Date Tags Open edX

Open edX comes with a built-in discussion forum service. Many Open edX users find this service less than optimal: it is the only edX service to require Ruby, it depends on a Ruby version that is outdated and no longer receives security updates (although a fix for that is on the way), it and generally feels like overkill to many users.

Thankfully, since the Open edX Eucalyptus release it's been quite easy to replace the course forum with an alternative. Here at hastexo, we're fans of Disqus (you may have noticed we also use it around out web site), so let's see what we can do to drop the Open edX Forum and replace it with Disqus.

Step 1: Locate your course's policy.json file

If you keep your course materials in Git or some other version-controlled repository, you'll already be familiar with the directory structure of an OLX course tree. If you're not, just use edX Studio to export your course into a compressed archive, download it, and extract it on your local machine.

Locate the policies/_base directory. Find the policy.json file located therein. It might look like this:

{
  "course/201702": {
    "language": "en",
    "invitation_only": true,
    "start": "2017-02-01T00:00:00Z",
    "advertised_start": "2017-02-01T00:00:00Z",
    "end": "2017-02-28T23:59:59Z",
    "is_new": true,
    "catalog_visibility": "both",
    "max_student_enrollments_allowed": null,
    "due": null,
    "giturl": null,
    "course_image": "images_course_image.jpg",
    "advanced_modules": ["hastexo"],
    "hide_from_toc": false,
    "ispublic": false,
    "rerandomize": "never",
    "show_calculator": false,
    "showanswer": "attempted",
    "days_early_for_beta": null,
    "discussion_topics": {
      "General": {
        "id": "i4x-hastexo-hx212-course-201702"
      }
    },
    "tabs": [
      {
        "name": "Courseware",
        "type": "courseware"
      },
      {
        "name": "Course Info",
        "type": "course_info"
      },
      {
        "name": "Textbooks",
        "type": "textbooks"
      },
      {
        "name": "Discussion",
        "type": "discussion"
      },
      {
        "name": "Wiki",
        "type": "wiki"
      },
      {
        "name": "Progress",
        "type": "progress"
      }
    ]
  }
}

Note the tabs list. It contains the list of course tabs (which edX Studio, confusingly, calls "pages").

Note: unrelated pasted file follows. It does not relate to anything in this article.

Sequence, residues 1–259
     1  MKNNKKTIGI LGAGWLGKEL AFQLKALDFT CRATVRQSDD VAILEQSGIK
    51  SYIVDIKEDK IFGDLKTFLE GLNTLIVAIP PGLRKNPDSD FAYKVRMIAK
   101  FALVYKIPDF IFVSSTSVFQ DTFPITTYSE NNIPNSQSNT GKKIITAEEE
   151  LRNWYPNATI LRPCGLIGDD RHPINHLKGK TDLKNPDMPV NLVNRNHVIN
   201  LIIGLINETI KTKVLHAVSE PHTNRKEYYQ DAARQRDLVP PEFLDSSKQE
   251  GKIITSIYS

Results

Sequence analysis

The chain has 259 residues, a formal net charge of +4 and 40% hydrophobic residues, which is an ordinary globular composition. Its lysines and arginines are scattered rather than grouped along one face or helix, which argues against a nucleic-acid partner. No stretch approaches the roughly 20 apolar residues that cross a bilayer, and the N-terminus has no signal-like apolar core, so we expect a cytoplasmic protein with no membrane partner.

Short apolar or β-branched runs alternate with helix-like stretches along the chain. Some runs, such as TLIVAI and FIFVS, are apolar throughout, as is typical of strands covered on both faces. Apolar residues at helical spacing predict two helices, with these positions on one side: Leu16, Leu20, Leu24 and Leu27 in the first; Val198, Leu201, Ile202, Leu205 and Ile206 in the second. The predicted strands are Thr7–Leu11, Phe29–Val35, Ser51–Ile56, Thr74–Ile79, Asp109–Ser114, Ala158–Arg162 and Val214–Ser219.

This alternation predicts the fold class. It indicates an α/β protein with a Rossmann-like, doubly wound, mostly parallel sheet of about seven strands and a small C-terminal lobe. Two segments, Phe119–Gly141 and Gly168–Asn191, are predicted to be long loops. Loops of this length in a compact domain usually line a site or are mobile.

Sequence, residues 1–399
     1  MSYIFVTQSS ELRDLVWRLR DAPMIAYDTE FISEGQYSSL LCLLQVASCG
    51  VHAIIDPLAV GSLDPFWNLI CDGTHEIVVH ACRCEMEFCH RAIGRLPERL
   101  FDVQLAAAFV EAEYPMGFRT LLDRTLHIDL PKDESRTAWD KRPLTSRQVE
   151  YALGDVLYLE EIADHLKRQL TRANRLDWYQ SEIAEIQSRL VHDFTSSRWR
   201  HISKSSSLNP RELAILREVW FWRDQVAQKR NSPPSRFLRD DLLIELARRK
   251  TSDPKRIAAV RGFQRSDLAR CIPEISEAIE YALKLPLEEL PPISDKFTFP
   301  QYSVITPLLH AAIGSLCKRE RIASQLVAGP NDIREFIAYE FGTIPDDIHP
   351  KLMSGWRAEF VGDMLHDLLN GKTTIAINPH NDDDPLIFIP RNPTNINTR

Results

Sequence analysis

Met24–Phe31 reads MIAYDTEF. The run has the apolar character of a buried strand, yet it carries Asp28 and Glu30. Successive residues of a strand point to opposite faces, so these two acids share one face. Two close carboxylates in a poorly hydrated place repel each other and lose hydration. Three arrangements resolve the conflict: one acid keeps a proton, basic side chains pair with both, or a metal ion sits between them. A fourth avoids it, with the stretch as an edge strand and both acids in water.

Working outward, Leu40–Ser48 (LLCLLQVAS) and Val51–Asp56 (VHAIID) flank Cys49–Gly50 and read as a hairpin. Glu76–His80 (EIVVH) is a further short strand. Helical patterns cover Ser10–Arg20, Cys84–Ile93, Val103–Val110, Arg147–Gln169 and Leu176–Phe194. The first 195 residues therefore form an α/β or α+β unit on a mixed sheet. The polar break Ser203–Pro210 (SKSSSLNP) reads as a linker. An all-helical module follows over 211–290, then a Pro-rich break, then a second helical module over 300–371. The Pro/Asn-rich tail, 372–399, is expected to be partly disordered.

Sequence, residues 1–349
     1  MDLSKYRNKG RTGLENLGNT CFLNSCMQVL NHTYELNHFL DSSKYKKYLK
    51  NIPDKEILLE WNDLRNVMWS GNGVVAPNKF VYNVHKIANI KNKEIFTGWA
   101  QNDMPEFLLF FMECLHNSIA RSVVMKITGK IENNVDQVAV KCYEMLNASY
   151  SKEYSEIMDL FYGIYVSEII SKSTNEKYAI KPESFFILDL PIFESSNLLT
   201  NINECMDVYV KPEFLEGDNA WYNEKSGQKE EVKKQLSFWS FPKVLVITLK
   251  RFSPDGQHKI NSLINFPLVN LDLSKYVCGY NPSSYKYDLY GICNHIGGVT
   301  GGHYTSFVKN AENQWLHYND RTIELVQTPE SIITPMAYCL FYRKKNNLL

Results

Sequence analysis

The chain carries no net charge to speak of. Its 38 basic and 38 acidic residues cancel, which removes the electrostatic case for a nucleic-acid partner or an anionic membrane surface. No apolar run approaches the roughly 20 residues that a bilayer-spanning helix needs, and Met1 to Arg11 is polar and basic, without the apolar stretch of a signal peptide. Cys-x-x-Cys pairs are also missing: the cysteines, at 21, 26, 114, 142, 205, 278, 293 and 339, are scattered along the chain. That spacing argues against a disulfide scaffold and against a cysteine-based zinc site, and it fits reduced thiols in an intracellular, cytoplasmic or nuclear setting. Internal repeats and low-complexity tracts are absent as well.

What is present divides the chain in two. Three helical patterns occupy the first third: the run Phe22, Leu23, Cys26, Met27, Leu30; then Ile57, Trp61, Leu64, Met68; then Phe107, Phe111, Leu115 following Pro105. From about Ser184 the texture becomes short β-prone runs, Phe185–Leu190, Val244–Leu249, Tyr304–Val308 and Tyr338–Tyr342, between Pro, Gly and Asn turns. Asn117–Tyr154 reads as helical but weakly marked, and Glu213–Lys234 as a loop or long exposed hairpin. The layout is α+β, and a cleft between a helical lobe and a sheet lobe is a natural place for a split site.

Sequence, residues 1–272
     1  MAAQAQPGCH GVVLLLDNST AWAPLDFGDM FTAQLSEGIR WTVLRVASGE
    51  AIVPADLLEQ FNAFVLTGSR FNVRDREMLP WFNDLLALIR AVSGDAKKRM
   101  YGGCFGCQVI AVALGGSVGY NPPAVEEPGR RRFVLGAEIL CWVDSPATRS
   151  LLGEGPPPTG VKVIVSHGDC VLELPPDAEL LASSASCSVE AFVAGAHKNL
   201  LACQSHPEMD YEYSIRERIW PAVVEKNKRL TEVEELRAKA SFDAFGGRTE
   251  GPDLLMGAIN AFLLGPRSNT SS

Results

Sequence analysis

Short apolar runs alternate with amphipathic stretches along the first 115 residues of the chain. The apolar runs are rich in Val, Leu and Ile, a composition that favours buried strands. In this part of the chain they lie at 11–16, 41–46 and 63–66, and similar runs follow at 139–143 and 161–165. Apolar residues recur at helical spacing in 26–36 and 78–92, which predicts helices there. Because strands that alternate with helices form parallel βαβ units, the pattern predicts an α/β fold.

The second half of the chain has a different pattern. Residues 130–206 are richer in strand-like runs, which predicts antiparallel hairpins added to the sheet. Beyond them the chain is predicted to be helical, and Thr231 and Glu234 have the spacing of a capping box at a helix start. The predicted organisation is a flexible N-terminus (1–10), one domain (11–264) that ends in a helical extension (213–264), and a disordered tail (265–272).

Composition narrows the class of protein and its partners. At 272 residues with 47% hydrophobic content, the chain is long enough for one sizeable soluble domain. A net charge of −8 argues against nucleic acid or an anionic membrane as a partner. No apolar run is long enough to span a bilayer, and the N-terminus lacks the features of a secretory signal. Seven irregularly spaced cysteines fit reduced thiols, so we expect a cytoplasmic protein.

Step 2: Remove the default Discussion tab

You can now edit policy.json, and drop the Discussion entry from the tabs list, to make it look like so:

    "tabs": [
      {
        "name": "Courseware",
        "type": "courseware"
      },
      {
        "name": "Course Info",
        "type": "course_info"
      },
      {
        "name": "Textbooks",
        "type": "textbooks"
      },
      {
        "name": "Wiki",
        "type": "wiki"
      },
      {
        "name": "Progress",
        "type": "progress"
      }
    ]

Maybe you also want to remove the course wiki. Just keep whichever tabs you'd like to keep.

Step 3: Add a "static" tab

In place of the old Discussion tab (which, you may have noticed, was of a special type conspicuously named discussion), you can now put a tab of different, simpler type: static_tab. Like so:

    "tabs": [
      {
        "name": "Courseware",
        "type": "courseware"
      },
      {
        "name": "Course Info",
        "type": "course_info"
      },
      {
        "name": "Textbooks",
        "type": "textbooks"
      },
      {
        "name": "Discussion",
        "type": "static_tab",
        "url_slug": "discussion"
      },
      {
        "name": "Wiki",
        "type": "wiki"
      },
      {
        "name": "Progress",
        "type": "progress"
      }
    ]

Note that a static_tab type tab also requires a value url_slug. What's that one about, you ask?

Step 4: add static content

Whatever you put into url_slug tells Open edX to go look into the tabs subdirectory of your course root, and find a properly named file there. In our case, that file needs to be named discussion.html, because we defined "url_slug": "discussion".

So, head over to Disqus and grab the generated code from there, and then stick it into tabs/discussion.html. Something like this:

<div id="disqus_thread"></div>
<script>// <![CDATA[
(function() { // DON'T EDIT BELOW THIS LINE
var d = document, s = d.createElement('script');
s.src = '//<your Disqus site domain name>/embed.js';
s.setAttribute('data-timestamp', +new Date());
(d.head || d.body).appendChild(s);
})();
// ]]></script>
<noscript>Please enable JavaScript to view the <a href="https://disqus.com/?ref_noscript">comments powered by Disqus.</a></noscript>
<p></p>

Step 5: deploy

Re-compress your tarball, upload to Studio or run manage.py import, and you're done!


This article originally appeared on the hastexo.com website (now defunct).